If you're wondering what your super balance should look like, it could help to compare with others your age. Knowing how much super you have now, means you can plan for how much more you need to grow your super.
See average balance by age
See how your super measures up against your age group
Age Men ($) Women ($) <20 $4,486 $4,671 20 - 24 $15,620 $14,955 25 - 29 $40,017 $30,033 30 - 34 $78,546 $56,943 35 - 39 $125,234 $84,960 40 - 44 $173,159 $115,896 45 - 49 $224,161 $146,437 50 - 54 $274,700 $173,701 55 - 59 $330,720 $205,787 60 - 64 $322,184 $246,885 Source: Deloitte Average Balances to 30 June 2022. People with zero superannuation are not included in average data.
Simple steps to help grow your super
If you’re not on track for the retirement you want, there are many ways you can grow your super. The more you add, the closer you could get to achieving financial freedom in retirement.
Consolidate and take control
Tracking down and consolidating your super accounts into one super fund could save you on paying multiple fees. This means more of your hard-earned savings stay working for you in your super account. Having one account also makes your balance easier to manage, by keeping all your funds in one place1.
You can track down your other super accounts and combine them into your AustralianSuper account in minutes.
Sacrifice some of your salary
When you make extra contributions to your super through salary sacrifice, you’re adding to your super before the deduction of income tax. With the super tax rate at 15% (depending on your earnings), it can be more effective to add some of your before-tax salary to your super balance. This means you could pay less tax as well as reduce your taxable income2.
Make after-tax contributions
You can also contribute to your super from money that you’ve already paid tax on (such as your after-tax salary, or an inheritance)2. This could mean that you may be eligible to receive a government co-contribution, depending on your total income.
Making spouse contributions
Adding to your partner’s super can help to grow their balance, while also allowing you to save on income tax2.
You can also make ‘after-tax contributions’ to your spouse’s super, if eligible2. This means you could receive a potential tax offset of up to 18% for contributions of up to $3,000.
Subject to eligibility criteria, you can also roll over a portion of your annual before-tax contributions each year. This is known as ‘contribution splitting.’ It allows you to split up to 85% of your pre-tax contributions with your spouse. These can include employer contributions and salary sacrifice. Plus, you can also split any personal contributions that you have claimed a tax-deduction for. Bear in mind, the contributions that you make to their account count toward your contribution cap3.
By making after-tax contributions and falling into the right total income range, you could get some extra help with your balance. If eligible, you could receive government co-contributions, paid to your super account2. The co-contribution is tax free and isn’t taxed when it’s deposited into, or withdrawn, from your super account. It can be worth up to $500 pa.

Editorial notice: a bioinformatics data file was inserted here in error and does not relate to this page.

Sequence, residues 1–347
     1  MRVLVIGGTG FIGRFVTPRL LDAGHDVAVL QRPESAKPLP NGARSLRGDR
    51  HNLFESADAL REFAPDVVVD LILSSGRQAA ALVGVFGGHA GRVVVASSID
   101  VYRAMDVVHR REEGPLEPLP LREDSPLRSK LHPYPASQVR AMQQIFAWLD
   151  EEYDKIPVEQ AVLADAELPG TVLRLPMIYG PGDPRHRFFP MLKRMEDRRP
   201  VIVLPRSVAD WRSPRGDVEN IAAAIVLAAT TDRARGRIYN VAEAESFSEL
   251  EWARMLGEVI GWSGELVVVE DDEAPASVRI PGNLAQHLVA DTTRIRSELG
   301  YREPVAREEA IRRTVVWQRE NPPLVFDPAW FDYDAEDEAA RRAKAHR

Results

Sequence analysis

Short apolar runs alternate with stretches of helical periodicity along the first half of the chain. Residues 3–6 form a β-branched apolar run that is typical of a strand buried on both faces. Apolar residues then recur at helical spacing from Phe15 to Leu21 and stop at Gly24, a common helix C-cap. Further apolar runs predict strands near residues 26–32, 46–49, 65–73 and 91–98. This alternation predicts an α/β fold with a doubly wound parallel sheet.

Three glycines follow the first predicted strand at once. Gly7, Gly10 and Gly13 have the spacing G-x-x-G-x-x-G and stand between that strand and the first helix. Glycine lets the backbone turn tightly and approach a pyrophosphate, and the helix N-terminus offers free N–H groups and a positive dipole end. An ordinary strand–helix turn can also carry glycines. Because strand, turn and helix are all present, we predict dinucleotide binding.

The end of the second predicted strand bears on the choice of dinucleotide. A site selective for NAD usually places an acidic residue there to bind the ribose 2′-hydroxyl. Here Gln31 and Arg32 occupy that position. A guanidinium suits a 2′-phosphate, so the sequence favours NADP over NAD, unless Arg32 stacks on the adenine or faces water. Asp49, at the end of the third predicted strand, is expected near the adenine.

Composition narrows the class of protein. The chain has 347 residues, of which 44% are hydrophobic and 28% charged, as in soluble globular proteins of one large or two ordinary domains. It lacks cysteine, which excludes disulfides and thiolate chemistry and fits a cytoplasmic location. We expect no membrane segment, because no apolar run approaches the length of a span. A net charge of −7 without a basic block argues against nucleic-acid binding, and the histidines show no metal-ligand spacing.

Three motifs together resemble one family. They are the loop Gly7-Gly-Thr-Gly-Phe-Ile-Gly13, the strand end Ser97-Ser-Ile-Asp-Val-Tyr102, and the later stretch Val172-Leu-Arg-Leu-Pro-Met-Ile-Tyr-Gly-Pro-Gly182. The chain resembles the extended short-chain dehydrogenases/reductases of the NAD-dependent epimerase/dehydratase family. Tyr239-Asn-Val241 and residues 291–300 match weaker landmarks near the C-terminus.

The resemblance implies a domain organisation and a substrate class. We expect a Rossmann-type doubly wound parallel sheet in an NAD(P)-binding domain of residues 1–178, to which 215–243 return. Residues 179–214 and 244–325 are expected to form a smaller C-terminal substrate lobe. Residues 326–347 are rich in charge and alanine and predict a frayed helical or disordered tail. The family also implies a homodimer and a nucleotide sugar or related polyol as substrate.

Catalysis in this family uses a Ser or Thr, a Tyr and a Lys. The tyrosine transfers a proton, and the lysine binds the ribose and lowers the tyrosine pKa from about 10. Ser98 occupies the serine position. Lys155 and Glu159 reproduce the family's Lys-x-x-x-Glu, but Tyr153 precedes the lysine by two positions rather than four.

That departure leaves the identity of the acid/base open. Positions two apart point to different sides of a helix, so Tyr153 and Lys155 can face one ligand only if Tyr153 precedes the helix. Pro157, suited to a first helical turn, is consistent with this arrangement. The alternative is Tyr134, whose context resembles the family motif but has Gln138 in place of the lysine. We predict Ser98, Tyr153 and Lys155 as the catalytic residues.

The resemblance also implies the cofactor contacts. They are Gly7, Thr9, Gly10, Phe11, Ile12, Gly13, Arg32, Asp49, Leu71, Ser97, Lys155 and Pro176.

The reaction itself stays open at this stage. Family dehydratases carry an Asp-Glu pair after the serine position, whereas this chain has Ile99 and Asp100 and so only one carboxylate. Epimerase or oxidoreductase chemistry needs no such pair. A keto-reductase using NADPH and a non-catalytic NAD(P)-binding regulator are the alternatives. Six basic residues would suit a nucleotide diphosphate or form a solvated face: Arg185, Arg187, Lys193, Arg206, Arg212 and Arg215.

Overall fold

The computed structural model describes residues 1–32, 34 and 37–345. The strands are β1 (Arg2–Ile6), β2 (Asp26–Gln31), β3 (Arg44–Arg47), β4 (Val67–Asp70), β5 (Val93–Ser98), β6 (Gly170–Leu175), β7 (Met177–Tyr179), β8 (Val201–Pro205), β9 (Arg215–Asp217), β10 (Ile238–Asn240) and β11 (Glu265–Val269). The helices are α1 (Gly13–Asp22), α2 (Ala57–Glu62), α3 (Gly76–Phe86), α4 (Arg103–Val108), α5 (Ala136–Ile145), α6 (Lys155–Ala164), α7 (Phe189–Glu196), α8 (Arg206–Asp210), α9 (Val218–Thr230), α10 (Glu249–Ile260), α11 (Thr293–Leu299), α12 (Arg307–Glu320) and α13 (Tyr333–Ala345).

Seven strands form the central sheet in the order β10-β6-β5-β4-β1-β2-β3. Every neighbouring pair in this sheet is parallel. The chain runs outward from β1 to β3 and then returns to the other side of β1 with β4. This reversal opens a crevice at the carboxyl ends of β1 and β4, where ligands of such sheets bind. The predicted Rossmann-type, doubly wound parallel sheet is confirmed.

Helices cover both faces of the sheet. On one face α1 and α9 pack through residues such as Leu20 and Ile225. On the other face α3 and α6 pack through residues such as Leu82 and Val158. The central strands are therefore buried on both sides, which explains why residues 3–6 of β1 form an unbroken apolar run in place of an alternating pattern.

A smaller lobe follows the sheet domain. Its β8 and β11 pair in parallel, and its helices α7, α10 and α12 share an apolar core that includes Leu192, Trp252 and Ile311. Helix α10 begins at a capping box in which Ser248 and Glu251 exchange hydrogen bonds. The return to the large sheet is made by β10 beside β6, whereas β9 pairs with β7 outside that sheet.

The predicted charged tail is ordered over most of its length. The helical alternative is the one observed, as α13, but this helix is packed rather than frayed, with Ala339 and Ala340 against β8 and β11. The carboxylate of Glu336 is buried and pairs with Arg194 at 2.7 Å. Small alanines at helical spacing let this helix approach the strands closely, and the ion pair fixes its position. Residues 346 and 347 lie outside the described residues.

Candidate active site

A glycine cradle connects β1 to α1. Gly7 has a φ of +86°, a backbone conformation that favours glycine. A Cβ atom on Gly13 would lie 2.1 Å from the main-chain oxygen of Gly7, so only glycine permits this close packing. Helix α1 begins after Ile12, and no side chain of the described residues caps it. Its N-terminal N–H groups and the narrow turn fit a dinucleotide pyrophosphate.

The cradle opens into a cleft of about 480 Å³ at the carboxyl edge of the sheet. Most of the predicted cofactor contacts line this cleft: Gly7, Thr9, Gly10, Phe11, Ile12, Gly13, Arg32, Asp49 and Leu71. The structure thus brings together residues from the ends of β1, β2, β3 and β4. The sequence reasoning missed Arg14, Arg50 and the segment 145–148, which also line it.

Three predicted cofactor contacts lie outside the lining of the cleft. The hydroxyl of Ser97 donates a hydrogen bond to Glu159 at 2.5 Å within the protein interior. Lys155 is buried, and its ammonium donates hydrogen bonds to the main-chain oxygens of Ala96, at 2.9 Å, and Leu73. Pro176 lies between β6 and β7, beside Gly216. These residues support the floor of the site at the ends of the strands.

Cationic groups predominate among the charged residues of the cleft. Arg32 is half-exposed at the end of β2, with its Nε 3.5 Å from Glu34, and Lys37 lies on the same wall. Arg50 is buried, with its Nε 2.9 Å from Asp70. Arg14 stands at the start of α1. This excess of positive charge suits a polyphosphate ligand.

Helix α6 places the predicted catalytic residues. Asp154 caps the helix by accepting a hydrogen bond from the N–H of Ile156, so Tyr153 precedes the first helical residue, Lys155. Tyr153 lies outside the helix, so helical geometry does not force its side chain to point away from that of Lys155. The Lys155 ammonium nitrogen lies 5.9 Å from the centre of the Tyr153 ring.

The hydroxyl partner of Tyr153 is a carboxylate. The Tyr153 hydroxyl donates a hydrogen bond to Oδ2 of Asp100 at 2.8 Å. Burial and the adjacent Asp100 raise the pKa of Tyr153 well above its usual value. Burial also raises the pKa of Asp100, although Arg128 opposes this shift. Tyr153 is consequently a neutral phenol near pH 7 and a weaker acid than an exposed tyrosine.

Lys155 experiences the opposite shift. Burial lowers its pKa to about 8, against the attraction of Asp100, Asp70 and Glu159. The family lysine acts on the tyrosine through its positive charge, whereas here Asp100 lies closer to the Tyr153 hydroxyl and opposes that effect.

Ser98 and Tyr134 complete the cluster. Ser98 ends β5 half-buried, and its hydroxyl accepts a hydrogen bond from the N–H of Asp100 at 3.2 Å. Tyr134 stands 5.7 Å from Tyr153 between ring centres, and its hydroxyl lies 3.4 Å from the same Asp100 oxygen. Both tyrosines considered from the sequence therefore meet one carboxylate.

AustralianSuper: putting your best interests first
AustralianSuper is one of the country's top performing super funds over 7, 10 and 20 years5.
AustralianSuper is a profit-to-member fund – we don’t pay profits or dividends to shareholders. This means the profits we make are for the benefit of members.
Help and advice
AustralianSuper offers members free educational resources and tools, webinars and calculators, alongside a range of paid advice options from our financial advisers6.
Becoming a member of AustralianSuper is simple. You can join in less than 15 minutes.Join today
Important information to consider
- Before making a decision to combine your super, consider any fees or charges that may apply, and the effect a transfer may have on benefits in your other fund such as insurance cover. We recommend you consider seeking financial advice.
- Before adding to your super, consider your financial circumstances , contribution caps that may apply, and tax issues. Salary sacrifice may affect some Government benefits and employee benefits. Consider getting financial advice before deciding what’s right for you.
- For any personal deductible contributions, you need to have lodged a Notice of Intent to claim a tax deduction with the fund prior to requesting the contribution-split. You can only apply once to split contributions made to a particular super fund in a financial year.
- Deloitte Average Balances to 30 June 2021. People with zero superannuation are not included in average data.
- AustralianSuper Balanced investment option compared to the SuperRatings Fund Crediting Rate Survey - SR50 Balanced (60–76) Index to 31 December 2022. Investment returns are not guaranteed. Past performance is not a reliable indicator of future returns. Returns from equivalent investment options of the ARF and STA super funds are used for periods before 1 July 2006.
- Personal financial advice is provided under the Australian Financial Services licence held by a third party and not by AustralianSuper Pty Ltd and is not the responsibility of AustralianSuper. Some personal advice may attract a fee, which would be outlined before any work is completed and is subject to your agreement. With your approval, the fee for advice relating to your AustralianSuper account may be deducted from your AustralianSuper account subject to eligibility criteria.